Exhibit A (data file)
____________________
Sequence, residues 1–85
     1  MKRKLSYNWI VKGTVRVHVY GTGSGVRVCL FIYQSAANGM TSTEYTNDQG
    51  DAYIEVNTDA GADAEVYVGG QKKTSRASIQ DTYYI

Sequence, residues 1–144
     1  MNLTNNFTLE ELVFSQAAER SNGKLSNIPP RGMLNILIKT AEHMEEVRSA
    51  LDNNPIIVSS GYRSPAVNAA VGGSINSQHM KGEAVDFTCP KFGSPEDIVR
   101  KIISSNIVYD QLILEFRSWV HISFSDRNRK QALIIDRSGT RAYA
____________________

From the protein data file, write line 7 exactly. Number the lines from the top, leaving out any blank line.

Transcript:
   101  KIISSNIVYD QLILEFRSWV HISFSDRNRK QALIIDRSGT RAYA